Extreme weather looms over Indonesia

Torrential rains since last week have caused flooding and landslides in 12 regencies and municipalities, causing five regions to declare states of emergency.

Alifia Sekar and Dio Suhenda

Alifia Sekar and Dio Suhenda

The Jakarta Post


The South Pesisir administration has declared a 14-day state of emergency in response to heavy flooding that is believed to have resulted in some Rp 170 billion worth of property loss. PHOTO: ANTARA/THE JAKARTA POST

March 13, 2024

JAKARTA – Authorities have urged the public to stay vigilant in the coming weeks for potential extreme weather in many parts of the country amid multiple ongoing natural disasters that have claimed dozens of lives.

Data from the National Disaster Mitigation Agency (BNPB) shows that as of Tuesday, at least 32 people had died in flash flooding and landslides in West Sumatra. At least six people were still missing in South Pesisir regency, which was suffering the brunt of the disaster.

Torrential rains since last week have caused flooding and landslides in 12 regencies and municipalities. Five regions have declared states of emergency, including South Pesisir regency, Padang Pariaman regency and Padang city.

“I don’t want to hear any news about people being trapped and not getting their hands on relief aid. If there’s still flooding and the roads are cut off, you must find a way to get through,” BNPB head Lt. Gen. Suharyanto said on Monday during a coordination meeting on disaster mitigation in West Sumatra.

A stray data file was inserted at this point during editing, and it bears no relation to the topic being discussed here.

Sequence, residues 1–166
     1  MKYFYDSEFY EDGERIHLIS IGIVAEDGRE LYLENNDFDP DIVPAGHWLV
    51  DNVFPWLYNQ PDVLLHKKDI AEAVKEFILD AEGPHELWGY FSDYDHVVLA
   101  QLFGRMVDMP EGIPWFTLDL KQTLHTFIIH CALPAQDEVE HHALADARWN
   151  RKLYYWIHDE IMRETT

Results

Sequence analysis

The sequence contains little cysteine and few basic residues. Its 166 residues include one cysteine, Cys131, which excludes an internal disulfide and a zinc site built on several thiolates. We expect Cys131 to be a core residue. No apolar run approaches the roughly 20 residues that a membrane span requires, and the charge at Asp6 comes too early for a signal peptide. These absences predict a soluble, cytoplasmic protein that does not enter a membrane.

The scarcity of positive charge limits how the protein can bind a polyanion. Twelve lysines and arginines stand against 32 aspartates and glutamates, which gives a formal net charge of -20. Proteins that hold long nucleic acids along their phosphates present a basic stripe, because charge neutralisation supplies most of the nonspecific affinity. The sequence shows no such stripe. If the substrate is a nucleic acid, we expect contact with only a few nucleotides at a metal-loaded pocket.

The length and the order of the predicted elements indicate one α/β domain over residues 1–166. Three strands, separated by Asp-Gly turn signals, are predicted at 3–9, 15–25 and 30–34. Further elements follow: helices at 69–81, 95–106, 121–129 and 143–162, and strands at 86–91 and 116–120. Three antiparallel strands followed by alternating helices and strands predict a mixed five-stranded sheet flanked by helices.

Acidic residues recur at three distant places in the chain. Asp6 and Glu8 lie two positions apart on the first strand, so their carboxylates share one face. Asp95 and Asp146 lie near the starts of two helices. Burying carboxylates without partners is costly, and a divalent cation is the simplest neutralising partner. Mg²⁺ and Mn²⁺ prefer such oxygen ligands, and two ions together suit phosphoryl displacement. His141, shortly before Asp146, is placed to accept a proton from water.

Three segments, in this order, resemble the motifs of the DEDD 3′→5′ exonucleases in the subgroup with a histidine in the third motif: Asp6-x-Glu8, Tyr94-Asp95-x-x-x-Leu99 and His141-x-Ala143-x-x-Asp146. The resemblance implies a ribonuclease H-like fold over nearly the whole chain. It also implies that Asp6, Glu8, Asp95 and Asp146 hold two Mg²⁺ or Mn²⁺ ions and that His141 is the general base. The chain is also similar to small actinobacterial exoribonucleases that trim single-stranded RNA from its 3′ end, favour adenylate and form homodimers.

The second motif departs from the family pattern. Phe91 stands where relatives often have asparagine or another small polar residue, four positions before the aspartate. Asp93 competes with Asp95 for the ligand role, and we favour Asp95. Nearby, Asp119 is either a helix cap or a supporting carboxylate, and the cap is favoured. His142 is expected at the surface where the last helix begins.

Authorities have also started preparing for the post-disaster recovery process. Suharyanto said officials should expedite the paperwork needed to relocate residents affected by the disaster. Either the BNPB or the Public Works and Housing Ministry would lead the rebuilding effort.

West Sumatra is not the only region to have been hit by flooding. Some areas in Kendari, South Sulawesi, have also been suffering from flooding since Wednesday. The disaster agency reported that more than 700 houses were inundated and at least one person had died.

Some residents claimed the flooding was the worst to hit the city in decades, kompas.id reported.

To help the 3,200 families taking shelter from the flooding, the Kendari Disaster Mitigation Agency (BPBD) opened three kitchens to provide cooked meals for the affected residents, Antara reported.

The Meteorology, Climatology and Geophysics Agency (BMKG) has forecast moderate to heavy rainfall in some regions this week. It has warned the public to be alert for possible hydrometeorological disasters, such as strong winds and flooding.

The weather agency is also monitoring two storms with the potential to become tropical cyclones over the Indian Ocean south of Indonesia. While the agency does not expect either to become full cyclones in the coming days, they may still cause extreme weather events, such as strong winds and waves, in southern Java.